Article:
sometimes, i picture life with a ‘modern-thingy’ (which i will hopefully marry)  and i speculate that with some attitudes, she would start calling those ‘professionals’ with names that have a silent ‘p’…but hey, this aint a hollywood flick, it is what the society made me.

well, it is a path that am treading on, sometimes careful, at times with blissful ignorance-i am one hell of a man in the making. woe unto thou that maketh me their object of affection….hey hey, suitors, i take that back, we can always meet at the center, right?

*modo rome means man.

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3 Comments »

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  1. I haven’t met anyone in our generation who became a modo rome the hard way, so I salute thee.

    i salute back

    There is a general assumption in society that boys ‘grow like trees’, hence the neglect of the boy child we see today. Everyone has concentrated so much on empowering the girl child, that they have forgotten the boy. To make matters even worse, in the family set up girls are guided, while it’s assumed the boys are ok. Sad, yes,but I guess it’s up to us to change that.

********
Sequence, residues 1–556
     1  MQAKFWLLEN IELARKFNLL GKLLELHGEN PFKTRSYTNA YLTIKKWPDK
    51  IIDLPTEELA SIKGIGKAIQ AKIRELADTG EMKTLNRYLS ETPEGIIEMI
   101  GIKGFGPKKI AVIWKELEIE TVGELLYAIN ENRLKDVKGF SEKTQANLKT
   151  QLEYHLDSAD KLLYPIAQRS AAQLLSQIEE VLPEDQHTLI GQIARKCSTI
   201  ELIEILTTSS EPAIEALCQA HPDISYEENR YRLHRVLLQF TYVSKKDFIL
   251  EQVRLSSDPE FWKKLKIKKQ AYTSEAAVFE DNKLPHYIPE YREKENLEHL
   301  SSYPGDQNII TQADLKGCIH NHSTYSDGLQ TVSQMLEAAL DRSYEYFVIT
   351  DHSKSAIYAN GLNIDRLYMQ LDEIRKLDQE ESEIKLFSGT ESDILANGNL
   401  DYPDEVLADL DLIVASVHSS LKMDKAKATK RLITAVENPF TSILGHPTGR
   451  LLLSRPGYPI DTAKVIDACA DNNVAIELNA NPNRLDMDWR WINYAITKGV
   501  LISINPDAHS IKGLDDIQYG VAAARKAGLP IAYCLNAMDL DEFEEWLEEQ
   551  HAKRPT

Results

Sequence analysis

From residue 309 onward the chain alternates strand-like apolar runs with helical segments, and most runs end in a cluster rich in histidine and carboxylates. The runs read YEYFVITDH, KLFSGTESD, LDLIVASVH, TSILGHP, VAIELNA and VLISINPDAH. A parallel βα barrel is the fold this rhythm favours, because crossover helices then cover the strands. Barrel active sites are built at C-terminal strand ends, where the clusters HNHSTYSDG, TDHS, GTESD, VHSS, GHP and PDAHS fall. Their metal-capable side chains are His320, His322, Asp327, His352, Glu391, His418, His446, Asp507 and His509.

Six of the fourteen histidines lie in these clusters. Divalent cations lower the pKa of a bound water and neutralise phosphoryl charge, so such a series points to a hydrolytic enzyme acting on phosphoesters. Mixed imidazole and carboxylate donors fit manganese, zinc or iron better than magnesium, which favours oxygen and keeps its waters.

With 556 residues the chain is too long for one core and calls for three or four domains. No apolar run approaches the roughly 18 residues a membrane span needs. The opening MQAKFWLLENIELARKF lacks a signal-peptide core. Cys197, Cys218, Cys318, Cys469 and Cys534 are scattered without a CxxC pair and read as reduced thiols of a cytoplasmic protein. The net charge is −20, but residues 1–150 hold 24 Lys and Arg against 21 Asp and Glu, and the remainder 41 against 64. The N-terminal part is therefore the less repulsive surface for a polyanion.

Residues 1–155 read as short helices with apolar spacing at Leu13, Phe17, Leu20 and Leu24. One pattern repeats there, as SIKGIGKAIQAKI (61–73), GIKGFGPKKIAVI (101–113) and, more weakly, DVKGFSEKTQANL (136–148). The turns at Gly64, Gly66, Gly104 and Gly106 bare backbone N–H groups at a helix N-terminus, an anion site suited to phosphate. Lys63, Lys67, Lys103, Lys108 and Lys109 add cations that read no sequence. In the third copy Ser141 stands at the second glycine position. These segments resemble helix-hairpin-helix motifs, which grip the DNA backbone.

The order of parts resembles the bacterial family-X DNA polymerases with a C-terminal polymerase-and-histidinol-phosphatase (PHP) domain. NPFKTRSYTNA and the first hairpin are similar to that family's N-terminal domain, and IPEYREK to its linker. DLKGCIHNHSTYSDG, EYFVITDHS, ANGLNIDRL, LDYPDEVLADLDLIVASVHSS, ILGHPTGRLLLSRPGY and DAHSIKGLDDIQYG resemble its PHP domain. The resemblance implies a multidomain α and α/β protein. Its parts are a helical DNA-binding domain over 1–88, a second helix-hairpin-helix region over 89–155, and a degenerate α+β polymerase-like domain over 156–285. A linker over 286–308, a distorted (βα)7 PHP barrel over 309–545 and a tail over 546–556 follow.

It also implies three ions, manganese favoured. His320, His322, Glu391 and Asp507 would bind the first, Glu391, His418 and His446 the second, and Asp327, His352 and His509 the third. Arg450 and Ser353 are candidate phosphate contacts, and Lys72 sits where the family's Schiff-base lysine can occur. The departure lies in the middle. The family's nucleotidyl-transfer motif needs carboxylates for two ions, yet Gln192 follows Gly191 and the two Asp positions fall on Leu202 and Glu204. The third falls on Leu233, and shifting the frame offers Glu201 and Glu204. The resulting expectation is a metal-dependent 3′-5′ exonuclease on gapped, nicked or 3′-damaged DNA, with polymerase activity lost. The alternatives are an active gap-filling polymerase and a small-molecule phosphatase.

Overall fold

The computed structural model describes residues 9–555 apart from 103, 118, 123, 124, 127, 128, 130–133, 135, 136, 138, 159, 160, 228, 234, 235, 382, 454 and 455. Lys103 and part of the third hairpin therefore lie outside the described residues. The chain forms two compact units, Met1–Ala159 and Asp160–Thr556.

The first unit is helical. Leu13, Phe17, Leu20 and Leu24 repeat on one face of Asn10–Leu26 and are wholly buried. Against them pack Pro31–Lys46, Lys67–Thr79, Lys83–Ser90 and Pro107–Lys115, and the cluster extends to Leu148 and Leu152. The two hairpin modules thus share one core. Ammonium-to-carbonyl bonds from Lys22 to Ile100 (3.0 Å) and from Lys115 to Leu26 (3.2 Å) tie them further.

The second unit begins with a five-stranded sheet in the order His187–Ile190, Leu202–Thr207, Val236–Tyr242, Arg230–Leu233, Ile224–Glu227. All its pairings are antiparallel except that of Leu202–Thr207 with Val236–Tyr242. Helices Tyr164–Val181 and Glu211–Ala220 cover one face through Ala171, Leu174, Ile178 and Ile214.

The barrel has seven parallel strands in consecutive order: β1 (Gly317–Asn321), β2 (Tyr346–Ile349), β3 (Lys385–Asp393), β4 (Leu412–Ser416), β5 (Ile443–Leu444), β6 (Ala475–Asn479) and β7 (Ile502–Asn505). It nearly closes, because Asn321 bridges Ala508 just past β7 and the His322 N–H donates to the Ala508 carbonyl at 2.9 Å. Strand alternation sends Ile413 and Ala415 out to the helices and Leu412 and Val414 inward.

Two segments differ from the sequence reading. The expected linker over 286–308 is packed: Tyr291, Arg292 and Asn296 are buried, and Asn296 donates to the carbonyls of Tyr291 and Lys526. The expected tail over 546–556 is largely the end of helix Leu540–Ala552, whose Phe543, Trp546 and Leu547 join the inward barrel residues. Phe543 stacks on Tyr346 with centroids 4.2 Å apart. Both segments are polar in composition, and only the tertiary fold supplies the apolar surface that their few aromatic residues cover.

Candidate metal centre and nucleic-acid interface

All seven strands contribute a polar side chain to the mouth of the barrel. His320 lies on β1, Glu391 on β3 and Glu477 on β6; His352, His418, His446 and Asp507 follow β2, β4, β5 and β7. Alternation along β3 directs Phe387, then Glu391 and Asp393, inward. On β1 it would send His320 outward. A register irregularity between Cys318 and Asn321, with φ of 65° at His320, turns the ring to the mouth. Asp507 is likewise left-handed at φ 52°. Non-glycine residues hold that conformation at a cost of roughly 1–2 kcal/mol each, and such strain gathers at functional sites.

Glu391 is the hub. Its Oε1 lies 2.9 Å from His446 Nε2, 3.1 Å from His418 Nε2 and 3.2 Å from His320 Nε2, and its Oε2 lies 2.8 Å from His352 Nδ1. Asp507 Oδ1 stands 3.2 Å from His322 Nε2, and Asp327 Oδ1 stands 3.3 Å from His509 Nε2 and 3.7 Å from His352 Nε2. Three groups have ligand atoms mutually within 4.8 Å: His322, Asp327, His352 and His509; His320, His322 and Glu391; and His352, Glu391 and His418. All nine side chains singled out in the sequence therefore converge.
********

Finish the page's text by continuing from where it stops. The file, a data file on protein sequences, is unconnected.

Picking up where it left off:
i think the campaign will have the boy child so neglected by the time they look back, he’ll be extinct…its time we looked at this, change begins with you..and me.

    ‘never apologize, never contradict, never explain! ‘. Wow! No Comment 🙂

    intwesting.

  2. Aaah man, this is deep. I particularly love this part: ‘am a sojourner. circumcision was just a rite- wrong passage to others, but meaningful nevertheless. it cannot be the only scale a ‘man’ is be weighed with.’

    This is certainly the best post to ever come out of this blog, if you ask me!

  3. You actually faced the knife literally? Courage it took, I must admit though that you are right, it is not that that makes a man.

    I am glad women now have choices and do not have to live to society’s plans for them. When they say it took a whole village, they mean the village dictated your life, who to marry, when to do this, what to eat, how to act, it was not easy being an individual those days, it was always society